Earlier this month, the Rock and Roll Hall of Fame announced their 2014 inductees: Cat Stevens, KISS, Peter Gabriel, Hall & Oats, and Linda Ronstadt are among the illustrious list. One band, on its first ballot attempt, stood out more than any other.
There is no question Nirvana belongs in the Hall. They WERE the Seattle grunge scene. They WERE the musical genre called grunge. Nirvana doesn’t need to be in the Hall in order to validate their existence as one of the greatest bands of our or any other generation.
Nirvana was our generational counter-culture icons who championed Generation X…my generation. Gen-X was the last generation to be directly affected by the rippling effect of free love and civil rights marches of the 1960’s. We were the last generation to be directly affected by the cocaine-filled, all-night disco dancing of the 1970’s. Nirvana was the rallying cry for this “lost generation.” We wanted so much to have our own Woodstock. We wanted so bad to be like the 1960’s or the 1970’s…or a combination of both. As a generation, we had no identity. We had no focus, no direction. We wanted to manufacture our identity from the remnants left over form other generations because we were to fucking lazy to create a new, fresh identity for ourselves. We needed a savior to lead us to our promised land of self-loathing, self-hatred, and mistrust of everybody and everything.
Kurt Cobain was our cultural messiah…our bodhisattva. Nirvana was everything music wasn’t at the time. They were a new musical genre, a new sound, a new attitude. Cobain hated his celebrity…made it okay to burn down the temples of hedonism and excess made form 1980’s hair metal and trash it. Burn it all. Burn it to the ground. Because of Nirvana’s success, three, regular middle-class guys from a small town on the Olympic Peninsula, single-handedly killed hair metal. Nirvana, and the bands that would follow them, destroyed the cultural norm and spurred on the deconstruction of of one’s self-identity through pop culture as the life of pop culture was sucked away by hair metal.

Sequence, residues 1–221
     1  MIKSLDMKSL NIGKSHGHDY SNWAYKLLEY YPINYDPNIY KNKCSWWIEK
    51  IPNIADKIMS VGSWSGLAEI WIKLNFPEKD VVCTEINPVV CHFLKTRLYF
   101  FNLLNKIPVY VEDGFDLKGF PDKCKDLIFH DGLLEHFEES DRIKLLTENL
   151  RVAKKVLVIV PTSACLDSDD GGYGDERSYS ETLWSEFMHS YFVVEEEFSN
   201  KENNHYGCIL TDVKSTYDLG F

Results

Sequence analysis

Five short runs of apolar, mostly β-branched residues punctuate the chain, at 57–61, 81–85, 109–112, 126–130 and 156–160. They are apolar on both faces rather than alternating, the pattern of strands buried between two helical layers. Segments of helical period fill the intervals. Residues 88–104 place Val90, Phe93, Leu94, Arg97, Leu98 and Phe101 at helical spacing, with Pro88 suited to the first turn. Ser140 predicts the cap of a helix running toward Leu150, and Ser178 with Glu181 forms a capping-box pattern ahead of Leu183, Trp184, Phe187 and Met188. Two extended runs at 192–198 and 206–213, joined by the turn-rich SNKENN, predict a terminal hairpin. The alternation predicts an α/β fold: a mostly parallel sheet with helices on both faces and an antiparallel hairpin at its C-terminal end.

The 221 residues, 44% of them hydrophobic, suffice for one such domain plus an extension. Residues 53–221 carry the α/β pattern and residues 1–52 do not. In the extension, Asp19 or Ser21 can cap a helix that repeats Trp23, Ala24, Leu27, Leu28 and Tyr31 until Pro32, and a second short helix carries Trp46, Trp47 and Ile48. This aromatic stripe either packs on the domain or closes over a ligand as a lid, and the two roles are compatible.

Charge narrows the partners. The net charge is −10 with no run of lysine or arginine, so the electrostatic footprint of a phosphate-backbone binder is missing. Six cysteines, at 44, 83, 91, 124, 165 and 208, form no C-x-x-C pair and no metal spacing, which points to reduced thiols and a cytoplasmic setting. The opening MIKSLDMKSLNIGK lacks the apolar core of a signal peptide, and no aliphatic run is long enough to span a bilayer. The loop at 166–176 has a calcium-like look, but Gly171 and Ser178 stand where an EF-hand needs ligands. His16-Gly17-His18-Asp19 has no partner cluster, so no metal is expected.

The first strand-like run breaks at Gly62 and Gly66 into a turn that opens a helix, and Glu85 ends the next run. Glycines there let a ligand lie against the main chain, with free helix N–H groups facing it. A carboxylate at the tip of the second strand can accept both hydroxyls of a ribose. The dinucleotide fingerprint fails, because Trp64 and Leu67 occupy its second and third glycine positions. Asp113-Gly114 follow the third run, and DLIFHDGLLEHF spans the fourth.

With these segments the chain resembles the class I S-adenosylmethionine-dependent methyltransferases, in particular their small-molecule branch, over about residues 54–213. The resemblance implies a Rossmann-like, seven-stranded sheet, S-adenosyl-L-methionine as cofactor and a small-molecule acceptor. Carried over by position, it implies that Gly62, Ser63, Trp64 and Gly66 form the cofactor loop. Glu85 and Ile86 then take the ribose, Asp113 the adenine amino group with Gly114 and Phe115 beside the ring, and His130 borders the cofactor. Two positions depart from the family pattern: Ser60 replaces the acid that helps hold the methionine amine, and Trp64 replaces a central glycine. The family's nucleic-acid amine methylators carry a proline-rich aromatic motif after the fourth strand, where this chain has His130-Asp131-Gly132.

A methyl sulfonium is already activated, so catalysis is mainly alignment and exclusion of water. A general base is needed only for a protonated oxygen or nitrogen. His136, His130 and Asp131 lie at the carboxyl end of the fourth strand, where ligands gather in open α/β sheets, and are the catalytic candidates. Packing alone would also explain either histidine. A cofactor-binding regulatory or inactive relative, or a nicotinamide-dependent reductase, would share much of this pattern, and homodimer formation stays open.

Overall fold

Nirvana saw these demi-gods and killed them all with one album. Bleach. Nirvana released Bleach in June of 1989. The album sold 1.7 million copies domestically, the largest selling album in the history of fledging Seattle record label, SubPop. This album would be the blueprint for the new music genre that would revolutionize independent music production, distribution, touring, and marketing. Nirvana, and the bands that followed, didn’t need agents, marketing firms, or record labels. This new generation of musicians did all themselves by recording music in their garages, made concert flyers at the local Kinko’s, and distributed their music out of their cars.
This music…this uneasy, dirty, raw, three power—chord electric buzz became an alarm clock to wake us up from this hairspray induced coma of really shitty, misogynistic glamor rock music of the 1980’s. This music was called Grunge. From its inception. grunge music was anger. Anger at hair metal…anger at society for being duped into believing that excess was awesome. Cars, money, strippers…materialism and misogyny. Hair metal was disposal, empty, vapid music with no heart…no soul. No substance, and no…anything. Hair metal was an abomination of music. A parody onto itself.
Nirvana put Seattle on the map, more than any other musical act from Seattle at the time. This was music for the people of Seattle. This was OUR music. Nirvana single-handedly brought Seattle onto the world musical stage like no other musical act from Seattle up to that point. No one had ever heard anything like Nirvana then, and there’s nothing like Nirvana now.
I defy anyone to make an argument for any other band’s influence at the time. No other band was on the level of Nirvana. No other band from Seattle reached the limits that Nirvana did. Nobody. If it wasn’t for the success of Nirvana on a global stage, there would be no Seattle grunge scene. Sorry, it’s true. No Nirvana, no Pearl Jam, no Soundgarden, no Alice In Chains…no Seattle grunge scene.
I feel almost disappointed that I’m going to see Dave Grohl and Krist Novoselic accept this honor. I’d like to think that, if Kurt Cobain was alive today, he would send the Rock and Rock Hall of Fame a letter on behalf of Nirvana, much like Johnny Rotten did from the Sex Pistols, telling the Hall of Fame to fuck off.
And that would be alright by me.